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Issue 62

Te Ao o te Māori
Nathan Wilson

As the tide rises and falls, the ocean moves the black sands up and down the beach and with it deposits of gold concealed within its grains. Nathan Wilson (Ngāti Māhaki), with help from his whānau, makes a living from mining the fine gold dust using long-handled shovels, a home-made sluice box, and water pumped from a nearby river.

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He Kōrerorero
Dangerous stuff

Since I was a small child, I’ve collected things; books majorly, but also edged weapons and seashells, music (as in 78s and LPs as well as tapes and CDs) and artworks… not paintings or drawings (I enjoy making my own) but furniture and work by skilled wood-turners. Some jewellery, primarily pounamu. And, also since I was a kid, I’ve made survival kits.

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The Lifeline

The business card simply says Dr Graham Kitson, Relationship Director. Nothing here to suggest that the man sitting in front of me helped kept Te Kerēme on track in the 1990s.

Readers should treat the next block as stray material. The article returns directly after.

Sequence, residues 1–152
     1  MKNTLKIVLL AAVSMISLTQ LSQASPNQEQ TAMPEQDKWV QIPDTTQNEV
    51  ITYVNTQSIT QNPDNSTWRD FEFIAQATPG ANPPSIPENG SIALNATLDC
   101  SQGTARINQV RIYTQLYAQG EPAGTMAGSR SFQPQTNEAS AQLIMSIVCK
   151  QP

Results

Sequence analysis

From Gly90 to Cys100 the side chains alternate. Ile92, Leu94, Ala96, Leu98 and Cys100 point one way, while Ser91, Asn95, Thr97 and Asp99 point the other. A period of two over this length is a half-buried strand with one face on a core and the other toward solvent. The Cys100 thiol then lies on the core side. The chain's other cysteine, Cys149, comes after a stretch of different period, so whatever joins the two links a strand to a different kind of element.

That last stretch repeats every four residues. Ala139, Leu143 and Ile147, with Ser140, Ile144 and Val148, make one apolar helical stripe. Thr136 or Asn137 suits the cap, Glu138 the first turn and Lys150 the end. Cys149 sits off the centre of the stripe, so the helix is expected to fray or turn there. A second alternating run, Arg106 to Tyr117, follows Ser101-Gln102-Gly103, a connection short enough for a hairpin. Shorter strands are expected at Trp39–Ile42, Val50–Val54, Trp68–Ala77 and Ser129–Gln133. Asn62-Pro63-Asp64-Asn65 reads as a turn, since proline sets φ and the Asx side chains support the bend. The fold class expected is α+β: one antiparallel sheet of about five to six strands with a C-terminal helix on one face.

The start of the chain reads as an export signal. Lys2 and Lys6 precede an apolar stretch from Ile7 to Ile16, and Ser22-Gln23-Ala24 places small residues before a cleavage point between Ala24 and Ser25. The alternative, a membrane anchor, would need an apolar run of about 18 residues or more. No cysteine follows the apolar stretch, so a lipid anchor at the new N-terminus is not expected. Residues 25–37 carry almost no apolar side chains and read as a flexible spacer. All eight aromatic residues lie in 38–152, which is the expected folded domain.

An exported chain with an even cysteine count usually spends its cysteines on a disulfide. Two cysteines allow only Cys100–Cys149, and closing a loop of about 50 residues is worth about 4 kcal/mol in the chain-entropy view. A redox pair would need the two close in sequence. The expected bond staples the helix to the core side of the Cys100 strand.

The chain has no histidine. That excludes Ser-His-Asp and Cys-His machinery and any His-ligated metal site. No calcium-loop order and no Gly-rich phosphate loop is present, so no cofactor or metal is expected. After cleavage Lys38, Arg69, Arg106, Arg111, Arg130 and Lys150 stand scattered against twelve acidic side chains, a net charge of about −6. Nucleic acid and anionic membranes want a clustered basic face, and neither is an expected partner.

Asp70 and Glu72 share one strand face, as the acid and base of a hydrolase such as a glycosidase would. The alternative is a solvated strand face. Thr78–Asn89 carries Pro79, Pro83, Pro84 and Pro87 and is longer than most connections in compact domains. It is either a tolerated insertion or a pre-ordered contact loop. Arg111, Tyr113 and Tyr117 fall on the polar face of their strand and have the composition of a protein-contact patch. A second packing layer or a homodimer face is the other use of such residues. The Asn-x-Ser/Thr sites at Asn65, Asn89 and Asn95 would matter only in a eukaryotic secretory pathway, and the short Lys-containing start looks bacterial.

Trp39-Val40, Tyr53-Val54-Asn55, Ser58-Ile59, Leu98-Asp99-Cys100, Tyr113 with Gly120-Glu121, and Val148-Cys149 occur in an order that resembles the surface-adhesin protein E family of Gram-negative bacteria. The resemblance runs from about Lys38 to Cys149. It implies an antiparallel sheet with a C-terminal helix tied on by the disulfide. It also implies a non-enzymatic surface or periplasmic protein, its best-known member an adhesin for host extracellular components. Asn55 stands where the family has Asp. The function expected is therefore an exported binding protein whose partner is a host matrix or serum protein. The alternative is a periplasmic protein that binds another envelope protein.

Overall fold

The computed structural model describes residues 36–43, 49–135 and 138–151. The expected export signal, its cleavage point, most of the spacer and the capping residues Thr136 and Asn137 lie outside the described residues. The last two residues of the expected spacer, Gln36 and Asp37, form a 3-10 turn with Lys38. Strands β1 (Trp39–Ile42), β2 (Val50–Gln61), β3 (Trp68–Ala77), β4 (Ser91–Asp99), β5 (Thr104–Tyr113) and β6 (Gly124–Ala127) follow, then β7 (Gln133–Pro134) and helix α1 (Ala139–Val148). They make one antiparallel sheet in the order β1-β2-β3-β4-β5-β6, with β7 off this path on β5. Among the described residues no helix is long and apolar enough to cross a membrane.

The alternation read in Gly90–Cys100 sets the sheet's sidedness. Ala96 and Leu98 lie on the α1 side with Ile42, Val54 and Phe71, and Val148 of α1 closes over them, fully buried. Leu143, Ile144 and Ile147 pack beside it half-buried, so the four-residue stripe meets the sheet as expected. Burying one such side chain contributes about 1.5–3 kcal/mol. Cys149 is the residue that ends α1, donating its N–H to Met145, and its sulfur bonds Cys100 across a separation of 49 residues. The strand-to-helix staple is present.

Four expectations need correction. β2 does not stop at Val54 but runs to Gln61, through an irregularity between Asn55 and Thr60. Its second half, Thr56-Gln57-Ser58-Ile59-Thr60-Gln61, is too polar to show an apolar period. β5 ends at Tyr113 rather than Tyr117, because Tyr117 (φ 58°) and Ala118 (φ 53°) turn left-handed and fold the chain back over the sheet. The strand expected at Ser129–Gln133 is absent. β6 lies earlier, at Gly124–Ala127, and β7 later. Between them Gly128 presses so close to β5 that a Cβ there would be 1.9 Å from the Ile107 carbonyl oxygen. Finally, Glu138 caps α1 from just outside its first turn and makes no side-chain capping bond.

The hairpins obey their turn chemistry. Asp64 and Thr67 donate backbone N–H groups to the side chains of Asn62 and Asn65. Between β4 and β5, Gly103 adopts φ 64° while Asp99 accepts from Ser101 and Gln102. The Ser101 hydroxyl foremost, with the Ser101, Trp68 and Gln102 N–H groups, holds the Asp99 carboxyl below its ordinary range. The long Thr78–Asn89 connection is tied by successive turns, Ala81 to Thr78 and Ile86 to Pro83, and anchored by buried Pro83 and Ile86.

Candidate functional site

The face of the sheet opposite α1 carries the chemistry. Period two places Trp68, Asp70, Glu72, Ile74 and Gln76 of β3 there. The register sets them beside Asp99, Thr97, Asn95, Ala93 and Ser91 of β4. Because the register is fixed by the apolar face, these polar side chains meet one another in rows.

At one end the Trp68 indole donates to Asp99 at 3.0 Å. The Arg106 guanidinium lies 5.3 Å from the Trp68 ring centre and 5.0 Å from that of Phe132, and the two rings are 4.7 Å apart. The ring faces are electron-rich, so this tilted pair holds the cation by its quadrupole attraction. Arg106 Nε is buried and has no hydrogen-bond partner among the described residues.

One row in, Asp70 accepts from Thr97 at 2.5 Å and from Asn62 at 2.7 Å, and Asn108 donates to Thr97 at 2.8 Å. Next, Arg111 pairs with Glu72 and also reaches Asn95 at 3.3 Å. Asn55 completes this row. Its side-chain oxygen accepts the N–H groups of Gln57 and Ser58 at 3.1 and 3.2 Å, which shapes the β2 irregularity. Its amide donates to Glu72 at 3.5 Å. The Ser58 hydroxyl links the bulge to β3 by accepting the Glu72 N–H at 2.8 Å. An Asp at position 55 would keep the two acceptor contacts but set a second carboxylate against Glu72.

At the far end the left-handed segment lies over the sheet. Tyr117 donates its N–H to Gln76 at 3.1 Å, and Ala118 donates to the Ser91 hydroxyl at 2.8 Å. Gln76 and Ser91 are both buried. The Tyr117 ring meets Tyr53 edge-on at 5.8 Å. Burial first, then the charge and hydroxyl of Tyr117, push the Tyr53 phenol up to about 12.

However it was Dr Graham Kitson’s introduction of Tipene O’Regan to Japanese businessman and philanthropist Masashi Yamada that enabled a lifeline to be extended to Ngāi Tahu while the tribe waited for the result of its Waitangi Tribunal hearings. It came in in the form of a series of loans which enabled the tribe to continue with Te Kerēme.

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Kā Manukura o Te Reo
Postcards from Amerika

Eleanor Roosevelt said to do something every day that scares you. In my case it is do something every two years which freaks me out so much I break out in cold sweats, develop a stutter, lose sleep, and am left questioning my mental stability.

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